There is a long, strange history of spy balloons

The Cost of Chaos: The Washington Dilated? Comment on Bergen’s comment on a CNN analyst in Washington, D.C.

Peter Bergen is a professor of practice at Arizona State University, vice president at New America and a CNN national security analyst. Bergen is the author of “The Cost of Chaos: The Trump Administration and the World.” The views expressed in this commentary are his own. There are more opinions on CNN.

It reminded me of when my dad was in the US Air Force working on a program to send balloons into Soviet airspace.

He was assigned to Headquarters Air Material Command, located at Wright-Patterson, in the 50’s. He worked on a project that put balloons in the air over the Soviet Union. Those spy balloons were launched from Turkey.

My dad didn’t talk about this part of his career much, likely because the work was secret, but the program has long since been declassified since it happened around seven decades ago.


Spyballoon-History Bergen: When the Trump Balloon Overflyed State Was Not a National Security Disaster

The three balloons from China were in American air space during the Trump administration, but not as much as they should have been.

Now the United States and its rivals have these new-fangled gizmos called “spy satellites,” which can take photos! They can do a full-motion video. They can take thermal imagery that detects individuals moving around at night! They can spy on just about anything with a resolution of centimeters when the skies are clear.

Indeed, commercial satellite imagery is now getting so inexpensive that you can go out and buy your own close-up images of, say, a Russian battle group in Ukraine. Maxar Technologies was recently acquired by a private equity firm for $6 billion and they have built up a profitable business on this model.

The overflight of US territory by China’s balloon isn’t a national security catastrophe as a lot of Republican politicians have implied.

It may help explain an aspect of a little-noticed report published by the US Office of Director of National Intelligence last month.

The report looked at more than 500 reports of unexplained objects in the sky, many of which were reported by Navy and Air Force personnel. These reports were assessed by the office that tries to investigate unexplained phenomena, known as the All-Domain Anomaly Resolution Office.


Pitfall of an F-35 Fighter: An Illinois-Based Club of Amateur Balloons, Last Reporting an Unidentified Object Over Alaska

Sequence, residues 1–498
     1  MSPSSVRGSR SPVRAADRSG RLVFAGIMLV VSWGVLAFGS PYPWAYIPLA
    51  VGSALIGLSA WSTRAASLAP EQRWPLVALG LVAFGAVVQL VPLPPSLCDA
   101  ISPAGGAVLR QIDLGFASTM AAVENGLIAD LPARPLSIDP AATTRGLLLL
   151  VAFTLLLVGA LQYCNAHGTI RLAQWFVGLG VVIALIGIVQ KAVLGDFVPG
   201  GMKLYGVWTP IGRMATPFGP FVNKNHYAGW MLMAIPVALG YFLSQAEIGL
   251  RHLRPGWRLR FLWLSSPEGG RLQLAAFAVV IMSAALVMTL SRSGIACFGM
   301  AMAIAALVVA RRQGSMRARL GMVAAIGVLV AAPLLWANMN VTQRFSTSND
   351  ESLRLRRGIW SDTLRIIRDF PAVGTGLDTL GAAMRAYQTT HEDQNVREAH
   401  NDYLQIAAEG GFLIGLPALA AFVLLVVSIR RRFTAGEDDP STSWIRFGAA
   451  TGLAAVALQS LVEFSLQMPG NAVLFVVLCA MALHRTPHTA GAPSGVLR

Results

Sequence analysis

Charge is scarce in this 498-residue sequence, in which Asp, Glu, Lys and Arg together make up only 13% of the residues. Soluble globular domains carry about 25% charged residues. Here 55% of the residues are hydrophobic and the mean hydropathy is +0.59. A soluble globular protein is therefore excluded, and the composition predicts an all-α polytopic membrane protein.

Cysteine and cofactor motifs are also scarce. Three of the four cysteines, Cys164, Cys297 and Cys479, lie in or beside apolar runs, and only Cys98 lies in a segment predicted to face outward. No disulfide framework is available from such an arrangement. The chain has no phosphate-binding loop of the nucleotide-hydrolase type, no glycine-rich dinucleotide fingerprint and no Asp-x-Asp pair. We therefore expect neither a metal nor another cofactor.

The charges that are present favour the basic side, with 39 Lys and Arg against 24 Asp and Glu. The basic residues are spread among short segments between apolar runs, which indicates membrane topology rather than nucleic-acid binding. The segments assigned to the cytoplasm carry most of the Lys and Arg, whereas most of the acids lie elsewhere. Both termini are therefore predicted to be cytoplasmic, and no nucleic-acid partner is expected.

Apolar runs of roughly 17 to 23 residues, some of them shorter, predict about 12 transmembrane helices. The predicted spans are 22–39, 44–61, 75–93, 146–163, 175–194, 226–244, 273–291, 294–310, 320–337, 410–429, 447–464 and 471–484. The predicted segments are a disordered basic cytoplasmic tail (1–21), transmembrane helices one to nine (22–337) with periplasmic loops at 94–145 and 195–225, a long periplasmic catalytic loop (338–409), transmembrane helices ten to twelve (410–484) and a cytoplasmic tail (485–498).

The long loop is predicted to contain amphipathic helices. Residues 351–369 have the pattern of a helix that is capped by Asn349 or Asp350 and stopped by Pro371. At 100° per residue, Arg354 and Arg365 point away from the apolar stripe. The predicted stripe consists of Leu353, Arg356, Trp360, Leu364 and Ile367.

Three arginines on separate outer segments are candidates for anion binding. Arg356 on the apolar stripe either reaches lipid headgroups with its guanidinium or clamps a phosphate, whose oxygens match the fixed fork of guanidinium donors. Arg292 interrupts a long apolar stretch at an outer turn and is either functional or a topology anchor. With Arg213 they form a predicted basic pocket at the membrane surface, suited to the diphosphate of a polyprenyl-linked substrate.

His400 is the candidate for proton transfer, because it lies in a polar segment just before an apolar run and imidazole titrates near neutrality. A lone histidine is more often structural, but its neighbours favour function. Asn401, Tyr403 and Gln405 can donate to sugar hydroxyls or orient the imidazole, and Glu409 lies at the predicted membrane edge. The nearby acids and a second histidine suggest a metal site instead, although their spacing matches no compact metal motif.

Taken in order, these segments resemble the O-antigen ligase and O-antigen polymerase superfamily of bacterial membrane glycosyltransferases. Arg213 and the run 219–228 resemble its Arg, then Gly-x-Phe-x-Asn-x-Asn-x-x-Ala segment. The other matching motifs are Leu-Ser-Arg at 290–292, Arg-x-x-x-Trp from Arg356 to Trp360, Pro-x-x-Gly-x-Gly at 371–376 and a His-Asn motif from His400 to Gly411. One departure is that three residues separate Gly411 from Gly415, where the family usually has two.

But China has arguably done much worse. The US accused China of benefiting from the work of hackers who stole design data about the F-35 fighter aircraft as they built their own new generation of fighters, and of sucking up much of the personal information of more than 20 million Americans when they were in the US government. China called the F-35 theft report “baseless” and denied responsibility for the OPM hacking.

An Illinois-based club of amateur balloonists says one of its small balloons is “missing in action” after last reporting its location over Alaska on Saturday, the same day the US military shot down an unidentified object in the same region.

The NIBBB has not blamed the US government for taking out one of their balloons, but it does say that they last communicated near a small island off the west coast of Alaska.

“Pico Balloon K9YO last reported on February 11th at 00:48 zulu near Hagemeister Island after 123 days and 18 hours of flight,” the NIBBB blog post, dated February 14, states.

The NORAD deferred questions for identification to the National Security Council, which had no additional information, according to the spokeswoman.

President Joe Biden delivered his first public remarks on the topic, and acknowledged that the intelligence community believed the objects were most likely balloons tied to private companies, recreation or research institutions.

“We send a small transmitter, with GPS tracking and antenna on a balloon filled with Hydrogen, rising to 47,000 feet, and travelling with the speed of the Jetstream,” the NIBBB website explains.

We found a fix for the six that ended up in trees. We have a fix for that, because six balloons never said hello. There were eight balloons that traveled the US. We had nine balloons that left the United States. We had a few balloons that were close to making it all the way around the world. The group said on its website they have two balloons flying around the world.

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